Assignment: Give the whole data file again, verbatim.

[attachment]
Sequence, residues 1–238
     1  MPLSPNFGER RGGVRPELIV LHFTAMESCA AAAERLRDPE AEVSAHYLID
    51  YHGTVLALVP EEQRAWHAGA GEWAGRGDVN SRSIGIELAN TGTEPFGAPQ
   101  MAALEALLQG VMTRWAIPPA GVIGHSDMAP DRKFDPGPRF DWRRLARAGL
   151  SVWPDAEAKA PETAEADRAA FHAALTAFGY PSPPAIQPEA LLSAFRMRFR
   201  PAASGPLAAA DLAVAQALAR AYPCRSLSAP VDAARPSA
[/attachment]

Sequence, residues 1–238
     1  MPLSPNFGER RGGVRPELIV LHFTAMESCA AAAERLRDPE AEVSAHYLID
    51  YHGTVLALVP EEQRAWHAGA GEWAGRGDVN SRSIGIELAN TGTEPFGAPQ
   101  MAALEALLQG VMTRWAIPPA GVIGHSDMAP DRKFDPGPRF DWRRLARAGL
   151  SVWPDAEAKA PETAEADRAA FHAALTAFGY PSPPAIQPEA LLSAFRMRFR
   201  PAASGPLAAA DLAVAQALAR AYPCRSLSAP VDAARPSA